Birds of North Carolina:
their Distribution and Abundance
Bermuda Petrel - Pterodroma cahow
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General Comments The Bermuda Petrel is the rarest of the four Pterodroma petrels found somewhat regularly off the Atlantic coast of the United States, and nearly all records for the country are from the Gulf Stream waters off North Carolina. This species, which nests only on Bermuda, often goes by its former common name of Cahow. For over 200 years, it was thought to be possibly extinct, until rediscovered in Bermuda in 1935. Thanks to it being listed as Endangered by the U.S. Fish and Wildlife Service, intensive management, such as control of predators near the nesting burrows, has taken place; and the population is slowly rebounding, though total numbers are only in the low hundreds. The first state report was in 1983, but now, owing to several dozen pelagic trips taken annually between May and Sep, the species is seen nearly every year now. Nevertheless, it is a very rarely seen species and is always a red-letter bird.
Breeding Status Nonbreeder
NC BRC List Definitive
State Status
U.S. Status E
State Rank SZ
Global Rank G1
Coastal Plain Offshore visitor. Very rare, but now seen almost annually, though no records from 2010-2012. Occurs in the Gulf Stream, where all state records are from off Oregon and Hatteras inlets. At least 30 records, late May to late Aug, with the exception of one, off Oregon Inlet, 18 Apr 1983, and another (or different birds) off Hatteras, 8-9 May 2019. Peak count: 2, off Hatteras Inlet, 27 May 2002.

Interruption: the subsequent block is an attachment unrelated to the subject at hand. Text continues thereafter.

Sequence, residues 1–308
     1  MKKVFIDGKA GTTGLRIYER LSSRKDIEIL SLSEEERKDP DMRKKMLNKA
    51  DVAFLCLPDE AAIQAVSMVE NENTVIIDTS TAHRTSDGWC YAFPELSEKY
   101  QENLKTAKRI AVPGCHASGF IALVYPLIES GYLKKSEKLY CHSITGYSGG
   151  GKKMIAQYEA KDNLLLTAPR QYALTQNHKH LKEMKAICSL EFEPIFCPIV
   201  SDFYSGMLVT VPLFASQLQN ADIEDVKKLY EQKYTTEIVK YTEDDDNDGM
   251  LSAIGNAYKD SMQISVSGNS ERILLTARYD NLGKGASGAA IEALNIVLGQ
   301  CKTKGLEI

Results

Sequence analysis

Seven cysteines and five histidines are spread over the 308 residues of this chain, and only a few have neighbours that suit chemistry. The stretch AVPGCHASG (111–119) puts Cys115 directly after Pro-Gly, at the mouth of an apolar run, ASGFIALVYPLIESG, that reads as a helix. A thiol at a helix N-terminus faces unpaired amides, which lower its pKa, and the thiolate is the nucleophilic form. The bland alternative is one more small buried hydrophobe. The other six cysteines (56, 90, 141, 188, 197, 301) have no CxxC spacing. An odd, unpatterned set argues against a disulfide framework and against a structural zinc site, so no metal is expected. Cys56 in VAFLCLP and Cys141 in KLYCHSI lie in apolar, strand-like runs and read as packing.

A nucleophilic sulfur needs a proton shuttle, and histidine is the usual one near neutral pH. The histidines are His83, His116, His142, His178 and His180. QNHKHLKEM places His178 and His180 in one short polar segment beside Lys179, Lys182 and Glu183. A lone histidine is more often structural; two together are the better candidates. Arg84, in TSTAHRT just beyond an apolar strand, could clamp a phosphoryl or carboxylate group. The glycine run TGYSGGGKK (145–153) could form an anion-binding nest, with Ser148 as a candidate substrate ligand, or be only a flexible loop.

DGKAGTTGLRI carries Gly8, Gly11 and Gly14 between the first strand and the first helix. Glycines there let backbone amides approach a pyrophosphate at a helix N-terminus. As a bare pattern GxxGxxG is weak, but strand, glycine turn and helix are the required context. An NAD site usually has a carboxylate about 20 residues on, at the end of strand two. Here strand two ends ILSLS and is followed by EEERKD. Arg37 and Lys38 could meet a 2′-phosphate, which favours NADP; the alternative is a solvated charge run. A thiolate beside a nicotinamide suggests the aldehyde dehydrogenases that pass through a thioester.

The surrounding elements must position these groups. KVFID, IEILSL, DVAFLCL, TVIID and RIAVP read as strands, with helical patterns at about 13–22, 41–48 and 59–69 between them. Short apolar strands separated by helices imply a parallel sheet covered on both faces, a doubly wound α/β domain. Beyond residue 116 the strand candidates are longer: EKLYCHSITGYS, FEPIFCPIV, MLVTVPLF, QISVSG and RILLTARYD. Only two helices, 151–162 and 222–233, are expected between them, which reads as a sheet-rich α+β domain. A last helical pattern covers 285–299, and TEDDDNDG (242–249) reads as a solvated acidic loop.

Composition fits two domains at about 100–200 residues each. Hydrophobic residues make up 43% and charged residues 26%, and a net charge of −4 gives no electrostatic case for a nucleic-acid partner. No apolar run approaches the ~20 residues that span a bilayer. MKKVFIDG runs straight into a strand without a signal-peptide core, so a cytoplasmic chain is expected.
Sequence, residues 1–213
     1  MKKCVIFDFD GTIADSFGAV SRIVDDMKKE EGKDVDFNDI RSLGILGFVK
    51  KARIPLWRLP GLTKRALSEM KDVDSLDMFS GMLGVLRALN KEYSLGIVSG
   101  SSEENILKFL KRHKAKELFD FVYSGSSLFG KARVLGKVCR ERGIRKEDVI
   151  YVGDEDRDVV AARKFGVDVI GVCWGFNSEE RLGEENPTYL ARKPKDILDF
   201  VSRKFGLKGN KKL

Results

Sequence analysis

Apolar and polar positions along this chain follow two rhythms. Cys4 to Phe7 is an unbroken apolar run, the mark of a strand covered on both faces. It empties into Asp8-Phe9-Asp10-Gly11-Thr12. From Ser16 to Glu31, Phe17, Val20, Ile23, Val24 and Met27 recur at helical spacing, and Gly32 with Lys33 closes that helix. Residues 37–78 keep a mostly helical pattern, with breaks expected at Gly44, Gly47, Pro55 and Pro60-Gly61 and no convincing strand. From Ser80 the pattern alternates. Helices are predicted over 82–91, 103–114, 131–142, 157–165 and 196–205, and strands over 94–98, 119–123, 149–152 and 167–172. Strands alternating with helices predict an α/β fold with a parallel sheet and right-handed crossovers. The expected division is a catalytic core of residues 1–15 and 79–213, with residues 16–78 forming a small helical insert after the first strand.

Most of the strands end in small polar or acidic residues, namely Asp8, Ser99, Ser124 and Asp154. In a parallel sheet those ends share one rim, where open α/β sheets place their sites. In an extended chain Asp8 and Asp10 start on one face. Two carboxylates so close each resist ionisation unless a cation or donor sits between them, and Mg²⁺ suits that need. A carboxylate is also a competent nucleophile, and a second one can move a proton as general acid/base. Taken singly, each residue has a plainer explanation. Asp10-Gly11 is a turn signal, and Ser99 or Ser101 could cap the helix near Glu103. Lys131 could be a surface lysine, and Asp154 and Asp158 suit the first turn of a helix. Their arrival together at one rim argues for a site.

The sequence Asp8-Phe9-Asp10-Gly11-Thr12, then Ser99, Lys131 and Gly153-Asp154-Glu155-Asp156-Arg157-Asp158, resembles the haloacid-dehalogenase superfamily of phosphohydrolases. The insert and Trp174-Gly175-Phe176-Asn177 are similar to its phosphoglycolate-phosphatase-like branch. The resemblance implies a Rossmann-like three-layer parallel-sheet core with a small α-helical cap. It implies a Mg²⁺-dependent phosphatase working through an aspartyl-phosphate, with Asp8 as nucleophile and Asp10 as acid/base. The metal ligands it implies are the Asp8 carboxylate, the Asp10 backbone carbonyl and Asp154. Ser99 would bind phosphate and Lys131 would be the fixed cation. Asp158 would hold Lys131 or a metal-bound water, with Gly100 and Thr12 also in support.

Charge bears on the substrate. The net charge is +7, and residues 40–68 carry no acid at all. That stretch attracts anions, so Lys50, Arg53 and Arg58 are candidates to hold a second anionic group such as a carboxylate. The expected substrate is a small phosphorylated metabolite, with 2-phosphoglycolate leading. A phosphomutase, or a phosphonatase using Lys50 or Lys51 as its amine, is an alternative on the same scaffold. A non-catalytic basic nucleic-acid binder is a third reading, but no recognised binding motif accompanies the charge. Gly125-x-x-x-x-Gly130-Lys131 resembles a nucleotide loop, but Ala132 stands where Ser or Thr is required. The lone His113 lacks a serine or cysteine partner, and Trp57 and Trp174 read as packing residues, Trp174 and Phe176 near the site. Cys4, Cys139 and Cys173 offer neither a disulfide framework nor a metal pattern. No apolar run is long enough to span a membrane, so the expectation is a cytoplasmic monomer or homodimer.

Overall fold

Piedmont No records.
Mountains No records.
Finding Tips As with all Pterodroma petrels, you need to get far offshore, taking organized pelagic trips out of Hatteras or Oregon inlets between late May and early Sep. This is a tougher find than Herald and Fea's, and it may take 10 or more such trips to see your first. Don't give up, but you have no control over finding one -- luck and a lot of good eyes on-board the boat have to be with you!
Attribution LeGrand[2019-11-04], LeGrand[2019-08-14], LeGrand[2018-02-01]
NC Map
Map depicts all counties with a report (transient or resident) for the species.
Click on county for list of all known species.